In the ‘Kissing Coppers’ graffiti piece, two British policemen are shown kissing. In 2004, it was first displayed on the wall of the Prince Albert Pub in Brighton. Black and white are painted on the two police officers in full uniform, with handcuffs and batons clearly visible around both of their belts.

Created in Brighton, a bustling city that’s been dubbed the UK’s LGBTQ capital, it seemed only fitting that ‘Kissing Coppers’ can be found here, as the location is a vital aspect of Banksy’s work. The city hosts the biggest pride festival in the UK every year. The LGBTQ community’s long history in Brighton dates back to the Napoleonic Wars in 1803.

As a result of frequent vandalism, this striking piece has suffered significant damage, and Prince Albert Pub eventually opted to have it taken down and transferred to a canvas. In 2008, it was replaced with a duplicate, and an anonymous buyer eventually bought the original.

The sale was met with a great deal of criticism; most people disagreed with the decision, claiming that removing ‘Kissing Coppers’ would not only be a tragic loss for Brighton’s thriving community, but also betray the true intent of street art.

It was so well-known that a replica eventually appeared on Frederick Street so that people might still view it.

Where to find it: Frederick Street, Brighton BN14TA, England

‘Nola (Girl with Umbrella)’, USA

‘Nola’ portrays a little girl in a dress carrying a black umbrella while stretching out one hand to feel the downpour. The background is a block of solid grey with white rain falling from inside the umbrella.

This mural, first seen on a wall in New Orleans, is rendered in Banksy’s trademark graffiti-spray-stencil technique. The captivating picture of a girl getting soaked in the rain while under her umbrella is a reference to the devastation caused by Hurricane Katrina in 2005. It was made worse by the failure of the flood defences that were supposed to shield the population from such a catastrophe.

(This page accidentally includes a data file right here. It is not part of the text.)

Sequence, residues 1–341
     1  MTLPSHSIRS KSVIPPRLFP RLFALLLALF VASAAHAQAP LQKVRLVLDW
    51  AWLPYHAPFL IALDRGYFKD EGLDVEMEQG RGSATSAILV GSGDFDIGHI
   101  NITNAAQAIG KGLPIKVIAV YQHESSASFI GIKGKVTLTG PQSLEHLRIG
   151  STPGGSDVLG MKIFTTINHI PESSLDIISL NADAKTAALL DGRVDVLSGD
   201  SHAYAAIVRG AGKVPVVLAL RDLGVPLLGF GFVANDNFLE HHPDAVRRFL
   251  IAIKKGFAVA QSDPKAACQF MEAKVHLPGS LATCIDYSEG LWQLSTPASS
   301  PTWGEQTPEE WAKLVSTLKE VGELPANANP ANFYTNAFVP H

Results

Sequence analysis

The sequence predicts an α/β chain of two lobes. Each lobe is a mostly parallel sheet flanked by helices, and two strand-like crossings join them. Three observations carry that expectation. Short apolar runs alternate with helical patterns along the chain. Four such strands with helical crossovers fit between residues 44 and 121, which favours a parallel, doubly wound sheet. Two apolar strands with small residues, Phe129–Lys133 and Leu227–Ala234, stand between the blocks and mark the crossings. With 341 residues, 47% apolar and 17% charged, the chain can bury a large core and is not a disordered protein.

An umbrella obviously helps keep the person holding it dry and shielded from the weather. However, Banksy’s art serves as a stinging condemnation of FEMA and the government’s response to protect and assist the citizens severely affected by Hurricane Katrina.

The art emphasises that things or organisations built and supposed to protect us may, at times, do the opposite.

Where to find it: 1098 Kerlerec Street, New Orleans, LA 70116, USA

Love Is In The Air, Palestine

Another iconic Banksy piece, ‘Love Is In The Air’ is more commonly known as ‘Flower Thrower’ or ‘LIITA’. It features a young man dressed as a militant sporting a bandana to cover the lower half of his face caught in the act of tossing a bouquet of flowers as though it were a Molotov cocktail or grenade.

Apart from the figure’s evident hostility, he is preparing to unleash a unifying symbol of love and peace rather than a weapon. This particular piece is the perfect example of Banksy’s formal creative approach as well as his fervent political involvement because it makes a strong plea for peace.

‘Parachuting Rats’, Australia

Just as the name suggests, ‘Parachuting Rats’ sees a bunch of purple rats with aviator sunnies parachuting down a wall in Melbourne. Equal parts humorous and controversial, this particular piece is done in Banksy’s signature style.

“They exist without consent,” Banksy says of rats. They are despised, hunted, and persecuted. Rats are the ideal role model if you’re filthy, insignificant, and unwanted. You can succeed in the rat race, but you’re still a rat.

Out of all the works listed here, the piece you’re most likely to see in person is this one. Melbourne’s street art scene is a respectful one. Although street artists normally cover up entire artworks to place their own, ‘Parachuting Rats’ has remained largely unharmed, as it is currently one of the last surviving Banksy works left in the city. This is likely as fellow street artists see the value in Banksy’s work.